After moving to New York, I found myself involved with a group of musicians that had studied with Braxton at Wesleyan University. I viewed them as supremely privileged to be able to go straight to the primary source of my adoration, although I now realize that, in their best cases, they had gained those treasured positions, not through worshipping a hero, but by forging their own highly personal musical paths. It was through these friends that I was invited to perform in the first Sonic Genome, which took place over eight hours in the hockey arena on the Wesleyan campus in Middletown, Connecticut. I rode up in a car with saxophonists James Fei and Seth Misterka and felt as if I was somehow going to become a part of a deep initiatory group, a masonic society of language types and Ghost Trance Musics. I admit to being completely lost inside the structure of identities, groupings, formations group leaders, and friendly experiencers. I was swimming in sound as it bounced around the cavernous—and not entirely polite—acoustics of the arena, but, by the end, with swollen lips, ringing ears, and a complete loss of aesthetic footing, I got in a different car heading back to Manhattan and felt like I had found as much of a musical home as I ever would.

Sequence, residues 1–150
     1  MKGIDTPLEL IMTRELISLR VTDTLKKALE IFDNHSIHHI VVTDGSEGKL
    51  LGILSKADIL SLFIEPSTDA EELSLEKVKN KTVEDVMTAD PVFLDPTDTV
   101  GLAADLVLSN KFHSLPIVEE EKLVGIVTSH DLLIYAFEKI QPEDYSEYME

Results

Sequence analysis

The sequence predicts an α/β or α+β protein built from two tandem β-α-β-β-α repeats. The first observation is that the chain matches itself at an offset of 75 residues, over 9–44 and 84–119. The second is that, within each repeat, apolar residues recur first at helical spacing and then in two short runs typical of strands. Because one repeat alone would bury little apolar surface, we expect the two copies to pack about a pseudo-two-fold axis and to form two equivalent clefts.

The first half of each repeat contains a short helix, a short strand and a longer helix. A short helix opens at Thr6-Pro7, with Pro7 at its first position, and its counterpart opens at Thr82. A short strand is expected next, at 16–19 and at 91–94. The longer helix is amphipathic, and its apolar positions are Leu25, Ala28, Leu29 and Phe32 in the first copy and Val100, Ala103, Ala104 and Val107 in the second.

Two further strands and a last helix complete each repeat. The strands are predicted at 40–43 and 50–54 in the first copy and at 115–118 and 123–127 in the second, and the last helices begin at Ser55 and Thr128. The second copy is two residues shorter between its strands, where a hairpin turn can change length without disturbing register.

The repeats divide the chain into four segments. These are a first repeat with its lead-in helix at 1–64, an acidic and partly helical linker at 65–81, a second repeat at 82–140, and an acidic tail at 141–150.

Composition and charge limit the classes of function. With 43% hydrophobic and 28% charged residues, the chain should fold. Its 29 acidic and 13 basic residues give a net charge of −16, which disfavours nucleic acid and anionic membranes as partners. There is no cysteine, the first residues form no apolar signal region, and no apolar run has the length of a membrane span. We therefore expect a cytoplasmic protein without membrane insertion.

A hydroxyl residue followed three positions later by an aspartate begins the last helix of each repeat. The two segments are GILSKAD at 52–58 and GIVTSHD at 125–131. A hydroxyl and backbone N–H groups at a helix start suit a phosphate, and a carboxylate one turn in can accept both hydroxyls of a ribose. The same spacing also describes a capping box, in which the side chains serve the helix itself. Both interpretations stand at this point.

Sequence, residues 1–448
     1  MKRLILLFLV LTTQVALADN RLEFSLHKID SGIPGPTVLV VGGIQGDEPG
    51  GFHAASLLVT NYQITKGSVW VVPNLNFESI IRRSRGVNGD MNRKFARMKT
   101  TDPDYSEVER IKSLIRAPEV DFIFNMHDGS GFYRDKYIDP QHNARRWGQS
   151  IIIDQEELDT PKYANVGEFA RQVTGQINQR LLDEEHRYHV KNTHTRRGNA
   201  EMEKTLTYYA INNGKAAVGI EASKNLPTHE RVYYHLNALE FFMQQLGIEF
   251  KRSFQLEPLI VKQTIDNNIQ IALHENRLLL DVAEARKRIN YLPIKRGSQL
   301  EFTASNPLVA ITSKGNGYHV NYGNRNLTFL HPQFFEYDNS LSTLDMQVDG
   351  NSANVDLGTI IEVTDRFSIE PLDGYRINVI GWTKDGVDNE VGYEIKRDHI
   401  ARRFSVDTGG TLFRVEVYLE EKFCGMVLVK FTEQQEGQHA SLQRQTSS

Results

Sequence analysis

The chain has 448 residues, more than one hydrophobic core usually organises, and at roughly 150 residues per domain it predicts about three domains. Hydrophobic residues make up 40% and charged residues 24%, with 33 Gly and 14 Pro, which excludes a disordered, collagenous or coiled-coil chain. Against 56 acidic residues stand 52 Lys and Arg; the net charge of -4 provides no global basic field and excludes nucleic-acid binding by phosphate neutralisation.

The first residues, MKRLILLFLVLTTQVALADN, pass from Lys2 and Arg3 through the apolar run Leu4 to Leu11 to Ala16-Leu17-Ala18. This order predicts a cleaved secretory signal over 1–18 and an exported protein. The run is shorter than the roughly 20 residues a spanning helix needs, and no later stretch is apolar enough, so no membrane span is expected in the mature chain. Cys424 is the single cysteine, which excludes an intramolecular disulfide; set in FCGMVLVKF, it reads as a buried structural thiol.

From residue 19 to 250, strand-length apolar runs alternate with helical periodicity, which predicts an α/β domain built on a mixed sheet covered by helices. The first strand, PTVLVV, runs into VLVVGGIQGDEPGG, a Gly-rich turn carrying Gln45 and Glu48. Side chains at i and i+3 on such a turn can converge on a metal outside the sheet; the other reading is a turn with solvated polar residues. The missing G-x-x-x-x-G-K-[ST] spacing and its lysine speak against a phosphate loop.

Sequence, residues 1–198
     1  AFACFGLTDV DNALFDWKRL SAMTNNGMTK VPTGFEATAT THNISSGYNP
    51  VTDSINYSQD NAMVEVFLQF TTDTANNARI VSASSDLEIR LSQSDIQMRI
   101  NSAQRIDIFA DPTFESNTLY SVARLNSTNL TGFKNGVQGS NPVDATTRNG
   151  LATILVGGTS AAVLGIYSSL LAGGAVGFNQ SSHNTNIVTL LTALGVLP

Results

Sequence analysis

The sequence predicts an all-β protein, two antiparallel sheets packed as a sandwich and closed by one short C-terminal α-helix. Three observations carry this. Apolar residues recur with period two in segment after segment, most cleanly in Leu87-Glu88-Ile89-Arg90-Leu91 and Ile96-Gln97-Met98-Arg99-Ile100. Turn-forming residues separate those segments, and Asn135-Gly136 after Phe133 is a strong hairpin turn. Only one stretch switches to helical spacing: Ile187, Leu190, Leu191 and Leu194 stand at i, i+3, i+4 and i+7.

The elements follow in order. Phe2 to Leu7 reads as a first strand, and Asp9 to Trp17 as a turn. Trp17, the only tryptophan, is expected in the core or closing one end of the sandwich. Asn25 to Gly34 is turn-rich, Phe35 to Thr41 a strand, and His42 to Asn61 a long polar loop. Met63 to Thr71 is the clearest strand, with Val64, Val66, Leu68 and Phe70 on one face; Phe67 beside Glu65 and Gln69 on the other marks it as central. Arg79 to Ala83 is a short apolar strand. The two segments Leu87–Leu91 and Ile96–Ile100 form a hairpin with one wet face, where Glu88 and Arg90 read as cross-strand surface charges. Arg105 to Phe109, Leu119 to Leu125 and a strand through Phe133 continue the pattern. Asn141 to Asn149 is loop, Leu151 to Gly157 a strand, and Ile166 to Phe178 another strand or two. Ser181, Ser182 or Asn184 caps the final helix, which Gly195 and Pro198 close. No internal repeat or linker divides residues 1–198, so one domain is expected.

We all received something from Braxton with our fees for performing after the Sonic Genome. In a small envelope, written in cursive on a plain sheet of brown notepaper, was a note—the same note that everyone received, I’m sure. Written simply: “Thank you for your music, sir. —AB” I still have this note in a small frame in my house, the last vestige of my long period of hero worship that has remained through the sheer force of Braxton as a model of a life lived in pursuit of artistic expansion.
In the years that followed, I began, thanks to Taylor Ho Bynum, to be asked to play more music and in smaller settings. I performed in Braxton’s phenomenal piece for seven trumpets and a brass quintet consisting of roughly 50 minutes of rhythmic unison without rest, divided in half by a brief moment of the entire group playing well below the bass clef staff. These were the first works of the composer's later period that I experienced in a meaningful way, and they were the first deep experiences of Anthony Braxton as a composer as opposed to the Anthony Braxton as performer and icon I had grown up with.